Direct Primary Care, Direct Care and Concierge Medicine Defined

What is the role of Direct Care Group and how does it vary from concierge medicine? Or, to put it another way, what is direct primary care and how does it vary from concierge medicine?

This is a question we get a lot. There are various words used to refer to our business because we operate in a relatively new sector within a developing industry. The automotive industry was in a comparable stage of development a century or so ago, and its products were known by many various names. Automobile. Cab. Wagon. Motorcar. Jalopy. Each of these phrases is commonly understood to mean “private, personal, internal combustion transportation machine.”Checkout Partida Corona Medical Center for more info.

Direct primary care, celebrity medicine, private doctors, tailored medicine, private medicine, elitist-sounding language, or direct care are all terms used in the medical business to describe concierge medicine (as we prefer). Concierge medicine is often known as direct primary care (or simply direct care).

Several fundamental characteristics are included in a broad definition of concierge medicine. By any name, it’s a practise model in which doctors see fewer patients, patients have better access to doctors in person, over the phone, or via email, a ‘executive physical’ is included, and consumers pay an annual or monthly fee. Patients benefit from improved relationships with their doctors, more preventative medicine, such as wellness and nutrition, and overall improved wellbeing, as seen by fewer hospital visits. Physicians report a better quality of life, the ability to focus on their vocation, and financial security.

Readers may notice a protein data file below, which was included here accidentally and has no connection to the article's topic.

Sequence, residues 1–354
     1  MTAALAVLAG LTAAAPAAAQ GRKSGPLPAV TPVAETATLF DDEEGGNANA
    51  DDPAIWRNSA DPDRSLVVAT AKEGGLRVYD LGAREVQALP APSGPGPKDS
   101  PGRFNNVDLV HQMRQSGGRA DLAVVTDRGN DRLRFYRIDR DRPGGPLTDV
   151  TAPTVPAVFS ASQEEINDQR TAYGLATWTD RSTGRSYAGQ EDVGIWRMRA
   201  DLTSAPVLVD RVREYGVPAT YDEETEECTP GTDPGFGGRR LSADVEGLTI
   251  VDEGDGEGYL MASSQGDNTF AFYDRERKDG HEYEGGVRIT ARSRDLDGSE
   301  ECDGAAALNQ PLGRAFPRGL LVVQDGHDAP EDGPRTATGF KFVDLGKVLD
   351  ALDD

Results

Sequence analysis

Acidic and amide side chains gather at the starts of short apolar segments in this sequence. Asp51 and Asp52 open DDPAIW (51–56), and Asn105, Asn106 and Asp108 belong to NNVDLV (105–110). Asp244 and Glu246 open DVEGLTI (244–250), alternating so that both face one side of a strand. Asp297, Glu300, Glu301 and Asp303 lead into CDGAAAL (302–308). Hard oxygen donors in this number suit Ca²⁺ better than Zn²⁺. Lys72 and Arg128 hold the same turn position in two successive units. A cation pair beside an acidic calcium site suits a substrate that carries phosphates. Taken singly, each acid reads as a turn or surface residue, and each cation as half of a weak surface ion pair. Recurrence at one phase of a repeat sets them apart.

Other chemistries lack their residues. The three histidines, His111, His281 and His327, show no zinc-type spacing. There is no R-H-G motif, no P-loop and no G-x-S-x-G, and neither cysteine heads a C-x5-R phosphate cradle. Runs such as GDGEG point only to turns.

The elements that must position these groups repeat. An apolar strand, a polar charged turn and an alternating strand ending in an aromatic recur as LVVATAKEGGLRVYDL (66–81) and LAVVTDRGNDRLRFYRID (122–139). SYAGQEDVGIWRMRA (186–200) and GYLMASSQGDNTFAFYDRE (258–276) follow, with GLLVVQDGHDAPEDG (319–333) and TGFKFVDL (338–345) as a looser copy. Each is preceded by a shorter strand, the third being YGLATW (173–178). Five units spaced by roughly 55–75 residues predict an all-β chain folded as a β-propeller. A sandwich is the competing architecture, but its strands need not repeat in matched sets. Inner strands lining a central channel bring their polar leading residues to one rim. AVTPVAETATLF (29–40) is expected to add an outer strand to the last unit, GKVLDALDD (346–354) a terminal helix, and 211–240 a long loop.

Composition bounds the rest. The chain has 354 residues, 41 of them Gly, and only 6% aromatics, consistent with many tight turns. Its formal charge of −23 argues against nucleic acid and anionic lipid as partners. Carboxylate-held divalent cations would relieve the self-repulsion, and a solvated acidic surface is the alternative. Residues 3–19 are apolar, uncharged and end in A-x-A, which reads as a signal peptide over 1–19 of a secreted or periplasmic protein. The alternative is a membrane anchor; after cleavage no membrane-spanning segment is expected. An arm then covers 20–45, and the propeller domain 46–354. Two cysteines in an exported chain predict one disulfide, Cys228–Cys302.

There is little to no difference or cohesive brand identity in the existing conversation and nomenclature surrounding the product. There is no defined “entry level” concierge offering, nor is there a standard for a “premium” concierge offering. Outside of broad, generic themes, there is very little product development or marketing. However, as the sector matures, these disparities will become more evident, and dichotomies will emerge.

Price is currently the most easily distinguishable differentiator. Independent doctors charge $1,000 to $6,000 per patient per year, MDVIP doctors charge $1,500 to $2,000, and MD Squared charges around $50,000 per family per year. To some extent, features and advantages tend to follow expenditure. However, regardless of price or service, these approaches are referred to as concierge medicine, direct primary care, and so on.